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Ecological Modernisation in Vietnam - Opportunities and Constraints
phuong thuy Phung, University of Natural Sciences, Vietnam
Ecological Modernisation Theory is a social theory on environmental reforms. It is characterised by four core features: technological innovation, economic reform, political modernisation, and modification of social movements. The theory was first developed in the early 1980s primarily in a small group of Western European countries (Germany, the Netherlands and the United Kingdom). Being one of the prominent theories within environmental sociology, Ecological Modernisation Theory has gone without criticism. While the analytical value of Ecological Modernisation Theory is often believed to have major relevance to European countries, its analytical meaning for developments in the so-called third world is more debated. Consequently, most of these recent third world critics focus on the Eurocentric basis of Ecological Modernisation Theory mostly from an analytical perspective. In addition, with respect to the normative perspective, some critics doubt that third world countries, which differ from European countries in their socio-political, economic and cultural conditions, can follow the paths of ecological modernisation. The objectives of this paper are to analyse the opportunities and constraints for environmental reforms in Viet Nam following the path of ecological modernisation; and to analyse the extent to which Ecological Modernisation Theory is of normative or analytical value in the context of Viet Nam.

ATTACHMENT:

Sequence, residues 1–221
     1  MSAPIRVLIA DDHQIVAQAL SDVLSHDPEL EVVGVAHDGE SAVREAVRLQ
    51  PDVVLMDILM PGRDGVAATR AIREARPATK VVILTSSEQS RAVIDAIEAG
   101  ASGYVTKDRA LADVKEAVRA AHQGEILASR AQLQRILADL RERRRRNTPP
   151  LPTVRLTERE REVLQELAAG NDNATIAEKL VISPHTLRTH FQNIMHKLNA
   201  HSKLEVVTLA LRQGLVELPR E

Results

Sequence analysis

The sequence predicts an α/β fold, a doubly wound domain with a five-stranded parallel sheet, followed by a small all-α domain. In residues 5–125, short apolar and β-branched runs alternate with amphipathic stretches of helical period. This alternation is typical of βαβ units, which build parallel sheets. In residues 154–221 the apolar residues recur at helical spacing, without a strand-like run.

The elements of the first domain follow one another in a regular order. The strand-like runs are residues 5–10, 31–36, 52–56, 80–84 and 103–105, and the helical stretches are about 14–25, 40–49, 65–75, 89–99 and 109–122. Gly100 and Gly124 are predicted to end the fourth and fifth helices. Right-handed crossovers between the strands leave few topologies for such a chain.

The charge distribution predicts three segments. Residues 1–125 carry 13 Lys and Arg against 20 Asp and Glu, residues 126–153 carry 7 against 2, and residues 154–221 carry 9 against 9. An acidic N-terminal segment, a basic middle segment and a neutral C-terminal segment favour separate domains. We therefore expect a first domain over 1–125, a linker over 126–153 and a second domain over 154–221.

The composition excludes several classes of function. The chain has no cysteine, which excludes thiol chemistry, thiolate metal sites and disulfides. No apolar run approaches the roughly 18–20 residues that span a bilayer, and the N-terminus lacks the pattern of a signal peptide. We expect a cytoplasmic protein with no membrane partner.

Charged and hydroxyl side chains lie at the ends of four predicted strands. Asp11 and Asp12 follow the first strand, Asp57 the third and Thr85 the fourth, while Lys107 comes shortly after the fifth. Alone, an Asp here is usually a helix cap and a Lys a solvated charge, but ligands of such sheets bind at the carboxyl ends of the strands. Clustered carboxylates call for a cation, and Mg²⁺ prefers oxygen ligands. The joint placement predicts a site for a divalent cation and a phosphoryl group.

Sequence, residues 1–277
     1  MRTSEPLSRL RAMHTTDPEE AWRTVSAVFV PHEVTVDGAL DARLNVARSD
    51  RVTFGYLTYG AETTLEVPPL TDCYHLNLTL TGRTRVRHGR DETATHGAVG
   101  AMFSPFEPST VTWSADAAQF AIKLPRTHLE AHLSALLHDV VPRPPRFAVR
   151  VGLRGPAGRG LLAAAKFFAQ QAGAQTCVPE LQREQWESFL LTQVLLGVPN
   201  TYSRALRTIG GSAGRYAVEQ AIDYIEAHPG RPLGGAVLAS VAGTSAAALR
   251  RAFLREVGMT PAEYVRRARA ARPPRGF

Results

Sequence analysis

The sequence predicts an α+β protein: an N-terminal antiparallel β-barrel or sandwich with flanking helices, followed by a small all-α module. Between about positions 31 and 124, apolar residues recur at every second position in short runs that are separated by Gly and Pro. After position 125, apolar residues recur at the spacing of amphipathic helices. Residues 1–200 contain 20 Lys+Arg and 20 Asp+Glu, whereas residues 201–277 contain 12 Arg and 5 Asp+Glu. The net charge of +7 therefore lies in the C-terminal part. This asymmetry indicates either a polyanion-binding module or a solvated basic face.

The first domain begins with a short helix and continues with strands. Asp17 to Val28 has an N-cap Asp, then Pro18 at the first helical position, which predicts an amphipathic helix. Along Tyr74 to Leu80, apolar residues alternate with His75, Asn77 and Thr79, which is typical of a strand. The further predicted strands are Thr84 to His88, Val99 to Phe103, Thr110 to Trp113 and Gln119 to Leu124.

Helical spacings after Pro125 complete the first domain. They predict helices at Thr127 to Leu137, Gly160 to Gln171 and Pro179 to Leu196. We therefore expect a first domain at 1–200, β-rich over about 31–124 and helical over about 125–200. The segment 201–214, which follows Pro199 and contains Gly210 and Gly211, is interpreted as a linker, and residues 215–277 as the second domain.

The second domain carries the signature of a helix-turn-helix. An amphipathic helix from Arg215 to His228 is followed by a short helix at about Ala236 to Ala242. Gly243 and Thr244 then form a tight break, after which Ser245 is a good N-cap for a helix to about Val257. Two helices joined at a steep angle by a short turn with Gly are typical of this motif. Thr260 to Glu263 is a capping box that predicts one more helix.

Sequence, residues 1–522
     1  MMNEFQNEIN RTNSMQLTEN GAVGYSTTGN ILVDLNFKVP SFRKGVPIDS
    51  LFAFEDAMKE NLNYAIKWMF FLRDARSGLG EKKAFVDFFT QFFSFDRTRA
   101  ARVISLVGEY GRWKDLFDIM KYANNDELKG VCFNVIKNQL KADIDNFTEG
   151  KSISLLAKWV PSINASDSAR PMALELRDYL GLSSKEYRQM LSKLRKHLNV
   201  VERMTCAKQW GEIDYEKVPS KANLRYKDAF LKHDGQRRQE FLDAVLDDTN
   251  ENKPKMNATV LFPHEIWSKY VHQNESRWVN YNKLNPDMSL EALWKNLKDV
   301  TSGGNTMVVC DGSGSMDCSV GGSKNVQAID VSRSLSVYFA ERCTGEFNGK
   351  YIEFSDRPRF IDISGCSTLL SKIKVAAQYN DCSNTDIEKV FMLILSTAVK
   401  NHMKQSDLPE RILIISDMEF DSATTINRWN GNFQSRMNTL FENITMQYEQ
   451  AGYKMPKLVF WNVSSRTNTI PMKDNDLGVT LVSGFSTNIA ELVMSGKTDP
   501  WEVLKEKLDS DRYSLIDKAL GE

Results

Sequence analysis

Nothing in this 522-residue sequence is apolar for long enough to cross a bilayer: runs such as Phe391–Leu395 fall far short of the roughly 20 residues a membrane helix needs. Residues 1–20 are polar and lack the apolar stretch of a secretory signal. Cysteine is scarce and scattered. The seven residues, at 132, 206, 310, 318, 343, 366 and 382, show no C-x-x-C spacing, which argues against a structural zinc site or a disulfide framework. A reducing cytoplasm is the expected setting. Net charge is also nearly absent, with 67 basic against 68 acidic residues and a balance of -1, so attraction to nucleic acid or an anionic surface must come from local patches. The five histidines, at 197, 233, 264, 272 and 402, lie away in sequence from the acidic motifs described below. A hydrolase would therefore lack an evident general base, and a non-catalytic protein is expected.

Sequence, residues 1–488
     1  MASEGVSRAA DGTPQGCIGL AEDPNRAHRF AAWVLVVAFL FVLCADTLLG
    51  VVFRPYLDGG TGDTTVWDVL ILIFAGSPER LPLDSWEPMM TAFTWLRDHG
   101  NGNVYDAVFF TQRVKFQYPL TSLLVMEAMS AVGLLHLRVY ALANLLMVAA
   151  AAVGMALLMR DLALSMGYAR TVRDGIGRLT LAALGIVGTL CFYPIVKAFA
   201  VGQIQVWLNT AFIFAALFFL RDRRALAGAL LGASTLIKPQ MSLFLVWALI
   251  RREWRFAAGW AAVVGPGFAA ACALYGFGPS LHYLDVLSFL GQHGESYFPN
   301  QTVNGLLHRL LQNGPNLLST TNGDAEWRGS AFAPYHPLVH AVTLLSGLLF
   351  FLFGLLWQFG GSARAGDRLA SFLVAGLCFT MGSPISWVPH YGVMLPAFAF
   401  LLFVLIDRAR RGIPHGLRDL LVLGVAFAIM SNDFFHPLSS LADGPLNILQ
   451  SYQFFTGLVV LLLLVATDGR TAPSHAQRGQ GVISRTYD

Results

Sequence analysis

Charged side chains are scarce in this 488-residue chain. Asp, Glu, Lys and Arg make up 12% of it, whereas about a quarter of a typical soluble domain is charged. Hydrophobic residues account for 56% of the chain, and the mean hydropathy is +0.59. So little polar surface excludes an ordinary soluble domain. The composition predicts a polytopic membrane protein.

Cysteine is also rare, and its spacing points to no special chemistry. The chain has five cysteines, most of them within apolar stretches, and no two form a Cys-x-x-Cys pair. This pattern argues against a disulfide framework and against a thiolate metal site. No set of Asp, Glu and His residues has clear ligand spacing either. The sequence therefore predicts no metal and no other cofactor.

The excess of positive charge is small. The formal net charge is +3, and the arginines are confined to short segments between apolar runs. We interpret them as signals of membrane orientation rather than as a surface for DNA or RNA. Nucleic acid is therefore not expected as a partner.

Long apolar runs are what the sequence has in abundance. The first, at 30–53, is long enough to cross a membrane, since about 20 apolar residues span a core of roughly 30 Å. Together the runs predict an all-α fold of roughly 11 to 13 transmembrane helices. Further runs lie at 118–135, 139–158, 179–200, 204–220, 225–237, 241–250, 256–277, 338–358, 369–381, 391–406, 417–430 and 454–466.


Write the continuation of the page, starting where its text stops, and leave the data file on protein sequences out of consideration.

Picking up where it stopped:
In order to achieve these objectives, this research was carried out on the basis of qualitative case study, and the Southern Key Economic Region (including Ho Chi Minh City, Dong Nai Province, Binh Duong Province, and Ba Ria-Vung Tau Province) was chosen as a study area. Since it plays a significant role in national industrial development, and there are a range of environmental problems have to be tackled here. Methods were used in this research include site visit, secondary data studying, primary data collection through interviews with key informants, using open-ended interviews, in-depth, semi-structured interviews.

 
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